- A visitor does not have to register with or provide documentation to the Office of Accessibility Services, but must report to Campus Security who will provide the visitor with a copy of this policy.
- Licensing – the animal must meet all of the licensing requirements of the community in which the animal resides and wear, at all times, the communities required tags.
- Health Records – The animal must have, and the disabled individual must provide to the Office of Accessibility Services, a health statement that includes a record of vaccinations from a licensed veterinarian dated within the last calendar year. Such vaccinations and proof of vaccinations must be provided to the Office of Accessibility Services on an annual basis. The animal must be well groomed, and measures should be taken by the owner for flea and odor control. The animal's owner must be considerate of other members of the college community when providing maintenance and hygiene assistance to the animal.
- The animal must be on a leash at all times. The animal should never be permitted to wander about off leash except in those situations in which the animal is working.
- The partner/handler must be in full control of the animal at all times.
- Service animals are prohibited from kitchens and food preparation areas except those in residence facilities.
- Service animals may be prohibited from areas such as science labs if the lab supervisor has reason to believe that the animal's presence may compromise the environment, or if the environment may pose a physical danger to the service animal.
In an emergency situation every effort should be made to keep the partner and animal together. Campus staff should be trained to recognize a service animal, and to be aware that an animal may be attempting to communicate a need for assistance. Staff should also be mindful of the protective nature of the service animal in relation to the partner, and/or may be confused or agitated by the emergency situation. If possible try to direct/assist the partner in a manner that does not interfere with the partner/service animal relationship. If the partner is incapacitated, wait for Campus Security or the College's Emergency Response Team who are trained to deal with the situation.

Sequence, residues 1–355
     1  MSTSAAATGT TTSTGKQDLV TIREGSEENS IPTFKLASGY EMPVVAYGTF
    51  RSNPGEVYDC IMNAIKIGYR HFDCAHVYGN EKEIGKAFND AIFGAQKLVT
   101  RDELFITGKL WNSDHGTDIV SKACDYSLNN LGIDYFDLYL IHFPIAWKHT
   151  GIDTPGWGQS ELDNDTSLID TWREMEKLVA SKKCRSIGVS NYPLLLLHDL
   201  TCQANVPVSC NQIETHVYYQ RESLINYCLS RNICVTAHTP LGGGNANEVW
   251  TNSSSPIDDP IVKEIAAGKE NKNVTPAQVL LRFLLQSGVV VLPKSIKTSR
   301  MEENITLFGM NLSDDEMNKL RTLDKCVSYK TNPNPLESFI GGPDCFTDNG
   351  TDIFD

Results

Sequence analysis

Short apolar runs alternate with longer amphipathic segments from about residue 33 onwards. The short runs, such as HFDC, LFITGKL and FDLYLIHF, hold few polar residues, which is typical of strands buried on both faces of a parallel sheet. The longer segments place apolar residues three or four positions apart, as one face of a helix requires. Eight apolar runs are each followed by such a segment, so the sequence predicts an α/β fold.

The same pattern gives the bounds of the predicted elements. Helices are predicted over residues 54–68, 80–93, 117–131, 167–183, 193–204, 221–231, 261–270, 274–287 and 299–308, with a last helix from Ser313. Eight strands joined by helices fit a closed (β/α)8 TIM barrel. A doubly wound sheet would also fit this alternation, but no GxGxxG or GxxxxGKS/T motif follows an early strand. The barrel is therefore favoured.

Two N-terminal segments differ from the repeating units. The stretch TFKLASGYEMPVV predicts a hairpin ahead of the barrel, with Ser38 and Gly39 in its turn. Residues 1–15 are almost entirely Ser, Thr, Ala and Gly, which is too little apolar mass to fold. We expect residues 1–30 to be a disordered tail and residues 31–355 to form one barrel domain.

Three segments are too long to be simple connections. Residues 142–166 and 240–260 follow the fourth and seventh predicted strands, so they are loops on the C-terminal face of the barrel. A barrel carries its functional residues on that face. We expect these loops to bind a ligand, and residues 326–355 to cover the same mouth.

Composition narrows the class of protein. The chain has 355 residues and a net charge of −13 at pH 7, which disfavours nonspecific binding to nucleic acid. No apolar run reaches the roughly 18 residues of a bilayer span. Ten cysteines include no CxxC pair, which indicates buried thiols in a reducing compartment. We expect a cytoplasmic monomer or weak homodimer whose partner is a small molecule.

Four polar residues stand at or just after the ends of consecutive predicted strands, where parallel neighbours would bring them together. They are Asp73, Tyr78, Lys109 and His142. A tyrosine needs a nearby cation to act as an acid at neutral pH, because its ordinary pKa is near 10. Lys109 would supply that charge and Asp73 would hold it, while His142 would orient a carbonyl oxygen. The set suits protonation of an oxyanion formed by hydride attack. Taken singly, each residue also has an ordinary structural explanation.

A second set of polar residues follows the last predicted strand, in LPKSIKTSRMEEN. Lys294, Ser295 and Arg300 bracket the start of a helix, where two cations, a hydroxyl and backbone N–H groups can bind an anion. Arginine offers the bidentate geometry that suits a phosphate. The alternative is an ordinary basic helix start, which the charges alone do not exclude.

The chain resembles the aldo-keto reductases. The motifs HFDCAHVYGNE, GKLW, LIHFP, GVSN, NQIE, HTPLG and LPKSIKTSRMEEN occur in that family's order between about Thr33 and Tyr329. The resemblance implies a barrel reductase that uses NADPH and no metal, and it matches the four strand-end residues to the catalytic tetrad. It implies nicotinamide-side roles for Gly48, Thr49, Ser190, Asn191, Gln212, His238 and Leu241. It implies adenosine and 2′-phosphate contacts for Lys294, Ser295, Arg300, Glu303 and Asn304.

Exclusion from Campus
A service animal may be excluded from campus for the following reasons:
- Disruptive behavior: including, but not limited to, barking, whining, growling, wandering, sniffing (people, tables in eating areas, other people's belongings) initiation of contact with others without partner's permission
- Hygiene-dirty strong odor, evidence of having flees, ticks, etc.
- Animal is not on a leash
- Obstruction of aisles or passageways
- Aggressive behavior
Students and campus personnel should not:
- Prevent a service animal from accompanying its partner as they move about campus except where specifically prohibited
- Pet, feed, or otherwise interfere with or distract the service animal
- Startle, tease, or taunt the service animal
- Attempt to separate the service animal and its partner
Persons with conflicting disabilities, i.e. asthma or other respiratory illness, allergies, should contact/register with the College's Office of Accessibility Services and provide medical documentation citing the nature of the disability, seriousness of the disability, and the nature of the conflict. Resolution of the student/staff concern will consider the disability needs of the parties involved and will be accomplished as expeditiously as possible.
Appeals concerning this policy may be addressed through the office of Accessibility Services Appeal Procedure which is contained in the student handbook.